April 12, 1910 (11th Parliament, 2nd Session)


George Gerald King



Referring to another source, a record of prices on 96 commodities compiled by Bradstreets on January 1, 1910, shows that prices in the United States, on that date had reached an absolutely high

Teeord mark. The increase is 61 .per cent over the figures of July, 1896, which was the lowest price touched by Brad-streets calculations. Mr. Blue, the Census Commissioner for the Dominion, prepared a statement two or three years ago regarding the increase in the cost of living in this country, and he found that there had been, during the fifteen years from 1892 to 1896, an Increase in the prices of food products, ranging from 15 to 20 per cent. In 1906, there had been a rise which would bring the increase up to a larger percentage. Then there have been three or four other important investigations conducted by different bodies.
Throughout the Dominion the steady increase in the cost of living, especially since the beginning of the present century, has been the subject of repeated comment, and, in almost every city or centre of employment, of more or less careful examination. In 1906 the Ontario Educational Association went carefully into the whole matter, in connection with the arrangement of teachers' salaries, with the result that an increase amounting to thirty per cent in 10 years was shown. In 1907 an estimate . made by the Synod of the Church of England in the city of Quebec placed the increase within the decade at a much higher rate. In the city of Toronto, an investigation conducted with care and minuteness during 1907, by the Department of Political Economy of the University of Toronto, also showed a higher rate of increase. These examples could be multiplied.
All show upward movement since 1896- 30 to 35 per cent higher than the average for 1890-99 ; 40 to 45 per cent higher average, 1896-97. ,
The cost of living has increased from 30 to 40 per cent in the case of incomes ranging from $2,000 down to $500. That is a fact which has impressed itself upon all classes of the community. Now what has the community been witnessing in another direction ? We find the increase in the cost of living going on simultaneously with the organization of capital on a large scale, the formation of trusts, mergers and combines of one kind or another. I have the figures here with regard to combines in the United States, and these combines have had their effect on the people of this country, as well as those of the United States. Quoting from Nelson's Encj^clopedia of 1909, which has the latest information gathered on the subject, I find that :
Down to 1898 the number of trusts formed (in the United States) was small. From 1898 to 1900 not less than 149 such combinations with a capitalization of over three billion dollars was formed. A large number of combinations have been effected since 1900, the most important of which was the United States Steel Corporation with a capitalization of $1,400,000,000. The aggregate Mr. KING.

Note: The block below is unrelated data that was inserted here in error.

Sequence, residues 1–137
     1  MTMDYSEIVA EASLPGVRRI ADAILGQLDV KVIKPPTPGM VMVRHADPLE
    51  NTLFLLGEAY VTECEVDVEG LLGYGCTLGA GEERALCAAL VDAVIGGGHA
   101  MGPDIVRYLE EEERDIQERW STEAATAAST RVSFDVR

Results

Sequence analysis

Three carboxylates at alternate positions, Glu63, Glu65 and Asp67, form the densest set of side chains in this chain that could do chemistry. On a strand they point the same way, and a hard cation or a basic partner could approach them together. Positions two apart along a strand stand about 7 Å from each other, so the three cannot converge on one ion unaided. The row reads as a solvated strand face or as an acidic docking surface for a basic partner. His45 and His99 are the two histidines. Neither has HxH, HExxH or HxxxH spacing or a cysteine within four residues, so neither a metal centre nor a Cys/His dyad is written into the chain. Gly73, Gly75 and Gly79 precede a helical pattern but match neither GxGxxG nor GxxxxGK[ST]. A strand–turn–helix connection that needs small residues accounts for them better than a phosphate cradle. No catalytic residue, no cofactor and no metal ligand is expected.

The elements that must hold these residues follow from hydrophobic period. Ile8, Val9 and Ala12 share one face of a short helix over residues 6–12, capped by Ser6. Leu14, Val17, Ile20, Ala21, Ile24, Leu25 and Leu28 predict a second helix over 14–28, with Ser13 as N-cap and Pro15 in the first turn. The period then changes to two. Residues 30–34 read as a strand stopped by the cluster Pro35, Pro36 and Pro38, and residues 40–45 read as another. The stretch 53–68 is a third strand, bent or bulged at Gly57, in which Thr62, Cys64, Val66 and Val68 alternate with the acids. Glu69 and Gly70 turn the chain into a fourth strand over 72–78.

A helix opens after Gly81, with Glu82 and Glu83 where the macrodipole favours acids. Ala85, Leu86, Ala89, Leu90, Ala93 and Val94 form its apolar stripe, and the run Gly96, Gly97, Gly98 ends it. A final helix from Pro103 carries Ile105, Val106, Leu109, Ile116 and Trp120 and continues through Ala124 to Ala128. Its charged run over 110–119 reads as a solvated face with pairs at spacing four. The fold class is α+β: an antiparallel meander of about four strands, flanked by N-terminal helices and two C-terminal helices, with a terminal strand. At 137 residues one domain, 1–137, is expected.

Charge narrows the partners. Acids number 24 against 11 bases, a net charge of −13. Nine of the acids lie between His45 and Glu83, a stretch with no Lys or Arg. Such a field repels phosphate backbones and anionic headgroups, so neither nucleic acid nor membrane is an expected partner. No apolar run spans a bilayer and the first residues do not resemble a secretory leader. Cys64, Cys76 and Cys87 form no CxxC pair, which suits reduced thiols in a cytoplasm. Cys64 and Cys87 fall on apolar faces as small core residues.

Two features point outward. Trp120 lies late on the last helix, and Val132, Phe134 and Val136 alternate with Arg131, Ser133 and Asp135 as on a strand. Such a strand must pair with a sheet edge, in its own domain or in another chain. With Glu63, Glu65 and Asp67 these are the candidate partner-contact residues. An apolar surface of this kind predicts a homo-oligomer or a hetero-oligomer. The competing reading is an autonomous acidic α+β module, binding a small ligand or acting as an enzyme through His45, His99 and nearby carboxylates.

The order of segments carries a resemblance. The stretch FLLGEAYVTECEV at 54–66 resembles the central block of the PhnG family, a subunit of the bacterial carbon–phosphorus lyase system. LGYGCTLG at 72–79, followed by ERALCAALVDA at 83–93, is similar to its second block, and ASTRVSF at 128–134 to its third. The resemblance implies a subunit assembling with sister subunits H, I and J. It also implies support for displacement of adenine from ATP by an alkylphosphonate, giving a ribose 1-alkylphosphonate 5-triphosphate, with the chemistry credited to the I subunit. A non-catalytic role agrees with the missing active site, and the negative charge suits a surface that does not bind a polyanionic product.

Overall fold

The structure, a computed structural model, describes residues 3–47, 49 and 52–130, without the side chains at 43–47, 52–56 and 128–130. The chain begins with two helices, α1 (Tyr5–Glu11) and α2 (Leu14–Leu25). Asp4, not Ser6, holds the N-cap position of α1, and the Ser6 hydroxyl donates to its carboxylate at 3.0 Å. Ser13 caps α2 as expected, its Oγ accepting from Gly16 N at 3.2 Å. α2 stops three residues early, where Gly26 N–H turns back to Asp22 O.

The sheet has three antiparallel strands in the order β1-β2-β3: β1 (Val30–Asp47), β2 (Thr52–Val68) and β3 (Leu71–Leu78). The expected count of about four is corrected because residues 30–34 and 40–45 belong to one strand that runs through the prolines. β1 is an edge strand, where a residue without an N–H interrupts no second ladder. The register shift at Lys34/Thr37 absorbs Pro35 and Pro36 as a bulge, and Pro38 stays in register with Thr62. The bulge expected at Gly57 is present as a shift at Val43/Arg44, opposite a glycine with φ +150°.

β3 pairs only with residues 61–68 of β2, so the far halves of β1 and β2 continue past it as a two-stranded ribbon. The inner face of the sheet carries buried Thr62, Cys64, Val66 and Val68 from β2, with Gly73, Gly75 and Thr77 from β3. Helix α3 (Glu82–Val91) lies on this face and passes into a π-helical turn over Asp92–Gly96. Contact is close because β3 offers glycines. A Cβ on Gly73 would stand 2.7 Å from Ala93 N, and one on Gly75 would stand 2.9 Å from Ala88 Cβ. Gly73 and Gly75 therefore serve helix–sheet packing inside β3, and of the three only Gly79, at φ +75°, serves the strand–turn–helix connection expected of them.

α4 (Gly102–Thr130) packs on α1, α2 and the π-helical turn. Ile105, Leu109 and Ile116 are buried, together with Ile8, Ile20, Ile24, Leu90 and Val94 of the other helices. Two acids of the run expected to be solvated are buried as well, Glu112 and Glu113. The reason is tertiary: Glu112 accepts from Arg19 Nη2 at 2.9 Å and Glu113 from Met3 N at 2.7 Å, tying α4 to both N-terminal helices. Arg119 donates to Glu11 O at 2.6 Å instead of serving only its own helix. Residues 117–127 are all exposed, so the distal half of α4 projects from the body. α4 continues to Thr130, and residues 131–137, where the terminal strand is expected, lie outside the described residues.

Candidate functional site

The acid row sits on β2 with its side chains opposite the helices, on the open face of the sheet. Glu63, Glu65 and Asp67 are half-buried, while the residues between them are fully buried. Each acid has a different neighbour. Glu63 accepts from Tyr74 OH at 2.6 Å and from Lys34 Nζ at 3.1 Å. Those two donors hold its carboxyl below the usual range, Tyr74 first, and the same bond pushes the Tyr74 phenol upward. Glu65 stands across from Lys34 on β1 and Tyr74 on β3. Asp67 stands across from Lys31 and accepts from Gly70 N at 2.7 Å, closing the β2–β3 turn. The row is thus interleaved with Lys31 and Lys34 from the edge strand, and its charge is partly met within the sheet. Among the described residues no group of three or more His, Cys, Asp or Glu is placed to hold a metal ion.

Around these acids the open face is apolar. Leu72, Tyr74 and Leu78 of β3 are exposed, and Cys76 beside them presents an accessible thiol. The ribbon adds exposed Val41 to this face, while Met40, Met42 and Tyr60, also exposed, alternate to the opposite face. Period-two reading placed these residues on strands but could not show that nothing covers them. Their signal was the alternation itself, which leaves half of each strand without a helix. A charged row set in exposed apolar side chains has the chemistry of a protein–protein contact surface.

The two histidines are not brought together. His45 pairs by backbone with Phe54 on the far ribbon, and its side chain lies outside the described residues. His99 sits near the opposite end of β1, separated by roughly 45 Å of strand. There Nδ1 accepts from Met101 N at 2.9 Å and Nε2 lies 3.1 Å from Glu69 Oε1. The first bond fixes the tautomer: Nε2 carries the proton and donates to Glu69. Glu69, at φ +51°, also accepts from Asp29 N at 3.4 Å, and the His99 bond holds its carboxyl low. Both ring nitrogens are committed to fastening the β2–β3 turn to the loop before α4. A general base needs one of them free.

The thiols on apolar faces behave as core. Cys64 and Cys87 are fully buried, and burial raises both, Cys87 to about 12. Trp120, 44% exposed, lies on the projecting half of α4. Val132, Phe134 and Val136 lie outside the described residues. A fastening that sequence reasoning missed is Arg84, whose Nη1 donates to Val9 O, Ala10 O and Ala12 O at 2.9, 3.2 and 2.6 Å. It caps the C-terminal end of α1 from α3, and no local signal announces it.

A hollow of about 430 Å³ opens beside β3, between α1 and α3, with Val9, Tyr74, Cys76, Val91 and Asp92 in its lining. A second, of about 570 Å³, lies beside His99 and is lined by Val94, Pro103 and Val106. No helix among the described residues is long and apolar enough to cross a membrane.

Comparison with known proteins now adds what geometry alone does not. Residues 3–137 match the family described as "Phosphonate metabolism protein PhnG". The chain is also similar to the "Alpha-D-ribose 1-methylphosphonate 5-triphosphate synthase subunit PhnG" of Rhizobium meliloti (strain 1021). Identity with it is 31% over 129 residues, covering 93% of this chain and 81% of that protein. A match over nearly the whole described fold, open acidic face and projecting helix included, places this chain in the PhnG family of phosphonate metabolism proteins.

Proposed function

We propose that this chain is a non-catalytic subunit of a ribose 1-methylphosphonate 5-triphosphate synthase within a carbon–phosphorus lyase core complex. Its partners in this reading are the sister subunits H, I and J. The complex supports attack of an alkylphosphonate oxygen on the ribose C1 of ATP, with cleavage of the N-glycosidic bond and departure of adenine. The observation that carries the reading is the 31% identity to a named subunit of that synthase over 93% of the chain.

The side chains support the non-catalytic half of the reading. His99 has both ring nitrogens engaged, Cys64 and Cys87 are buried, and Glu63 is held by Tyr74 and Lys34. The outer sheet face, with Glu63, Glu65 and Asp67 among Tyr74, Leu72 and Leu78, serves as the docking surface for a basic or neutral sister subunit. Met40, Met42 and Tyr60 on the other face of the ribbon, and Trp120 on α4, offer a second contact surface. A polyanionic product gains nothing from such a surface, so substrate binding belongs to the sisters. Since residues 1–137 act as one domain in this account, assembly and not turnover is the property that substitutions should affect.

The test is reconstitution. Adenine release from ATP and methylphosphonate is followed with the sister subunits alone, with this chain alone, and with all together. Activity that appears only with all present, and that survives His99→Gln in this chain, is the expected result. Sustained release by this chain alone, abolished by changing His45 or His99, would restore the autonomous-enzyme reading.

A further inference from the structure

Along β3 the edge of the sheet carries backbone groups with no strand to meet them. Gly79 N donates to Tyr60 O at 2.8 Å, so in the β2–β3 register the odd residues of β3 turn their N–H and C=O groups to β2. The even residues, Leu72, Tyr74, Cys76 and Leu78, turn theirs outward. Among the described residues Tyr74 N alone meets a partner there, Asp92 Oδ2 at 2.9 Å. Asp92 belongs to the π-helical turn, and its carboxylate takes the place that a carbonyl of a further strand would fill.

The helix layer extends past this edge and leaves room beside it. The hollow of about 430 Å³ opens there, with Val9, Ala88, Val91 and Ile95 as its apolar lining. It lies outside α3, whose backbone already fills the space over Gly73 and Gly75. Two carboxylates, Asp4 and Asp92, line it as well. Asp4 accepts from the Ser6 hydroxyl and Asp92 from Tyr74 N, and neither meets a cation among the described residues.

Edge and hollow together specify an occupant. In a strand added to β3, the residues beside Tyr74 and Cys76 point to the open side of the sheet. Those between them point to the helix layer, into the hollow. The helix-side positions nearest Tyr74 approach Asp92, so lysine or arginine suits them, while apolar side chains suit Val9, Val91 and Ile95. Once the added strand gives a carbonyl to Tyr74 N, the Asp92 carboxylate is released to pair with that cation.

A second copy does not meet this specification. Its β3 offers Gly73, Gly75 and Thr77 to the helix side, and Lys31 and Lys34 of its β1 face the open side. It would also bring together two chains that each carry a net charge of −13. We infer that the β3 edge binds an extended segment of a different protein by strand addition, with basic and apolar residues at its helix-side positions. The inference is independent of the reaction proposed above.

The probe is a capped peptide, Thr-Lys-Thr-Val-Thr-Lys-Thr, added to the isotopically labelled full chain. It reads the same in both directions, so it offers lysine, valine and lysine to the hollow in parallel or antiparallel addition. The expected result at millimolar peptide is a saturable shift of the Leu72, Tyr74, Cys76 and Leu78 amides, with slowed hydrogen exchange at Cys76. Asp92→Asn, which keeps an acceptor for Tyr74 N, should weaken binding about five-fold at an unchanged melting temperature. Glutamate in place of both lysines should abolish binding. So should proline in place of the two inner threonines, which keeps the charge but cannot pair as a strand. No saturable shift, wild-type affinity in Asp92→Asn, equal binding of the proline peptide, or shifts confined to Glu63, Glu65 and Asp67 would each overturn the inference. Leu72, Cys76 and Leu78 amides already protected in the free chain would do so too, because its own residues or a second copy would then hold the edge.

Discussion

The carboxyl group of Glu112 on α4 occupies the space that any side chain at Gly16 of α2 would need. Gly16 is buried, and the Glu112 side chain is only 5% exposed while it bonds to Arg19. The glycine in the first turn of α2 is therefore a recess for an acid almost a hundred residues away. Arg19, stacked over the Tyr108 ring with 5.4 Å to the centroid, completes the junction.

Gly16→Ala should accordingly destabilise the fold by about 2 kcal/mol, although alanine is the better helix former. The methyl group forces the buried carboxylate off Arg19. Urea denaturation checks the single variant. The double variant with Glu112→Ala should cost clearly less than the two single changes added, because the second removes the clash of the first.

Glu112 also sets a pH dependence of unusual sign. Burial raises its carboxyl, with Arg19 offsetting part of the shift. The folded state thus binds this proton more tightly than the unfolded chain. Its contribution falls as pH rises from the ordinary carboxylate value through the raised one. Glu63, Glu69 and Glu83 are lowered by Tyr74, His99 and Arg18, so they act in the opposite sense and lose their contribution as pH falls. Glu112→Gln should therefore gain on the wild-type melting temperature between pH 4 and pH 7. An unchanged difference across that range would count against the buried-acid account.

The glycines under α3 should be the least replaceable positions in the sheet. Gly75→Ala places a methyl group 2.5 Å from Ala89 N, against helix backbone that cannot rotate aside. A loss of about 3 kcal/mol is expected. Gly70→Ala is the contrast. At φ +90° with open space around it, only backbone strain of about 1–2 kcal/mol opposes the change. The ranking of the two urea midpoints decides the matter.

capitalization of such corporations in 1906 is variously estimated at from six to eight billion dollars. . . . The Sugar Trust, it has been estimated, controls ninety per cent of the output of refined sugar in the United States; the Standard Oil Company sixty-five per cent; the Rubber and Paper Trusts about seventy per cent of their respective products; the Steel Trust less than sixty per cent. The six great packing companies -the ' Beef Trust '-slaughtered only about forty-five per cent of the cattle killed in the United States in 1903. The Salt Trust controls over eighty per cent of the salt produced in the country, and the Starch Trust about ninety per cent of the starch. Where *the proportion of the industry not controlled by the trust appears to be considerable, as in the case of the Standard Oil Company, allowance must be made for the output of companies ostensibly independent, but in reality controlled by the trust. Furthermore, while in some industries a large proportion of the business may be in fact as well as in name independent of the trust, as m the case of the slaughtering industry, the great combination, nevertheless, controls certain markets without much interference from competitors. The six great packing companies furnish 75 per cent of the beef consumed in New York; in Boston they furnish over 85 per cent; in Philadelphia and Pittsburg 60 per cent; in Providence more than 95 per cent. In the greater part of the smaller cities and towns of New England the trust furnishes more than three-fourths of the consumption.
I shall not weary the House with statistics of the growth of trusts in the United States, but will refer hon. gentlemen to a book written by Mr. John Moody, entitled, ' The Truth About Trusts,' in which they will find tabular statements regarding the large amalgamations in the United States during the last ten years, the number of plants acquired or controlled and the total capitalization, stocks and bonds outstanding. An analysis of these figures slightly in detail would show that of the industrial trusts 15 have $100,000,000 capitalization or over, 33 have $50,000,000 or over, 165 have $10,000,000 or over, and 451 have $5,000,000 or over. Of the franchise trusts 16 exceed $100,000,000, 41 exceed $50,000,000, and 156 exceed $5,000,000. Of the six greatest railroad groups, all exceed $1,000,000,000 capital.
These figures should make every one realize the tremendous power thus vested in the hands of a few men and point to the necessity for some agency in the direction of state control to see that this power is not exercised to the detriment of individuals or the public. No exception can be taken to a trust doing all that is justifiable to further the interests of those whose capital is invested in it, but the business should be carried on with due regard to the interests of the large body of consumers who make up society.

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